National Geographic : 2013 Jan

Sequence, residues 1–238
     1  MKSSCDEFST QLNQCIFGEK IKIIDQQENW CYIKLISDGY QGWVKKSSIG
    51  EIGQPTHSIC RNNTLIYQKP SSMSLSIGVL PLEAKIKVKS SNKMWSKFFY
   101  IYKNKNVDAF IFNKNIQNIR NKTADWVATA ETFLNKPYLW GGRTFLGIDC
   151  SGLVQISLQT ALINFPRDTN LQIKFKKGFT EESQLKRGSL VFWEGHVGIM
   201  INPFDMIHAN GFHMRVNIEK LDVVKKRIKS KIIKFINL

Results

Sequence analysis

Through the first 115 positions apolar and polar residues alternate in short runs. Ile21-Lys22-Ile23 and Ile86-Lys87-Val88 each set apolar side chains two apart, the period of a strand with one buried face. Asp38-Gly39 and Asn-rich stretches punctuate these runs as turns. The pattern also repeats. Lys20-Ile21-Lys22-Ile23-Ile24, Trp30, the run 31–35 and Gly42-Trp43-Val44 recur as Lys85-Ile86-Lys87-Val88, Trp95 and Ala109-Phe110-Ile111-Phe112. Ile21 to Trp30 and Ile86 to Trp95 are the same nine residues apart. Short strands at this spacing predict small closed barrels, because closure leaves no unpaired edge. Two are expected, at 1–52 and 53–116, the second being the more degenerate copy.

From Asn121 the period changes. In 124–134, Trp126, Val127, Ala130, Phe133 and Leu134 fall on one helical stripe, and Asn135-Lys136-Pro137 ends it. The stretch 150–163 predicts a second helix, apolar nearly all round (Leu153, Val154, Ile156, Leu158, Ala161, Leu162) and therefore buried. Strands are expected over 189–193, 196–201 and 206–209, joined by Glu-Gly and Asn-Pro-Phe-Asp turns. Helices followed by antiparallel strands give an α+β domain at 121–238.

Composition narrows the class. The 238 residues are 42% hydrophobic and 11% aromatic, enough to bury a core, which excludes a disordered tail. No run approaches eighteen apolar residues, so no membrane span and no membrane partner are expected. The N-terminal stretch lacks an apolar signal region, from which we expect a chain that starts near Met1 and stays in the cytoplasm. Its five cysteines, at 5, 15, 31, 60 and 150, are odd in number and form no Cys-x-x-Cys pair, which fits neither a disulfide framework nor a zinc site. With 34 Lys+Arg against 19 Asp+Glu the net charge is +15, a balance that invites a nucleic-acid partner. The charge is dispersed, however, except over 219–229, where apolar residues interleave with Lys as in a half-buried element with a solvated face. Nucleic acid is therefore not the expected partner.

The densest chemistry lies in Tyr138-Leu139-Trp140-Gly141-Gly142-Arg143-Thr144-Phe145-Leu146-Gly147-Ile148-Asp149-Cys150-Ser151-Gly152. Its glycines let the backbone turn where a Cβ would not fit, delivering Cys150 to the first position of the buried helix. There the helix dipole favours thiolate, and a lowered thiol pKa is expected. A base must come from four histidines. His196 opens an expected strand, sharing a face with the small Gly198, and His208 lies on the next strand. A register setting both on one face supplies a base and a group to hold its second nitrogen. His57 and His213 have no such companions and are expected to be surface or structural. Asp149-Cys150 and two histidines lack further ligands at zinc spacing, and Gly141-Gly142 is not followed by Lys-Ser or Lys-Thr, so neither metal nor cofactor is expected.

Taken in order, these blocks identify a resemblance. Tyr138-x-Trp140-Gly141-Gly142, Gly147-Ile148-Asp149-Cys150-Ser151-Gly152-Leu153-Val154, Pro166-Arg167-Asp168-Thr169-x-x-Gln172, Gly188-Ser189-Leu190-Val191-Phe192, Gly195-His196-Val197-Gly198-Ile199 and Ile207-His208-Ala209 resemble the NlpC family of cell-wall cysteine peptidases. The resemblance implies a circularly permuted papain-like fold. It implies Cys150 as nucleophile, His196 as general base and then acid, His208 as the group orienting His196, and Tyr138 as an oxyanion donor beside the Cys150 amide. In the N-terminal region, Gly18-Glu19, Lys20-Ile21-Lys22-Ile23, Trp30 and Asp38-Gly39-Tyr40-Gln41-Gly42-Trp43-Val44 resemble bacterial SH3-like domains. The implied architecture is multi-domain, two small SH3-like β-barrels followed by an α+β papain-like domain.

advantage rapidly spread the gene throughout Europe, even as it remained rare most other places. Culture and genes started selecting for each other: A new culture made a gene more valuable, and as the gene spread through the population, it made dairy-farming culture more important. You can see signs of this dynamic—genes and cultural bits affecting each other’s value—almost everywhere in complicated human behavior and particularly in exploration. The first time a hu- man ancestor used a rock to smack open a nut, she opened the way to a culture that may have increasingly selected for the genes studied by Jim Noonan that underlie dexterity and imagination. Rising powers of dexterity and imagination in turn accelerated the development of culture. Er- nest Shackleton, as Noonan notes, drew heavily on this, exploiting a culture of ships, tools, in- novation, and way finding—to say nothing of British stoicism—to explore new ground and get back home. In Gopnik’s explorers in the play- room, an ancient human culture of cooperative child raising—by mother, father, grandparents, other kin—has maximized the value of genes that allow a long period of brain development. And Quebec’s pioneer families leveraged their most restless genes and traits by creating a sub- culture that placed premiums on curiosity, in- novation, toughness, and a willingness to take risks—as well as the crucial physical culture of axes, adzes, pikes, and peaveys they used to build homes and harvest wood, and the sleds, wagons, and canoes they used to travel. With his ships, his compass and sextant, and his mandate from his king, Cook too leveraged his smarts and curiosity to bring home a map of a world previously uncharted. His return fat- tened the value of both England’s imperial ma- rine culture and the genetic traits he’d displayed in his relentlessly curious and risky journeys. But what of Tupaia? His genes and culture, it seems, took a more puzzling path to their meeting with their British counterparts. In fact the Polynesians’ spread across the Pacific repre- sents one of the oddest of the movements that took modern Homo sapiens out of the African The first time a hUman ancestor Used a rock to smack open a nut, she opened the way to a culture that may have increasingly selected for genes underlying dexterity and imagination.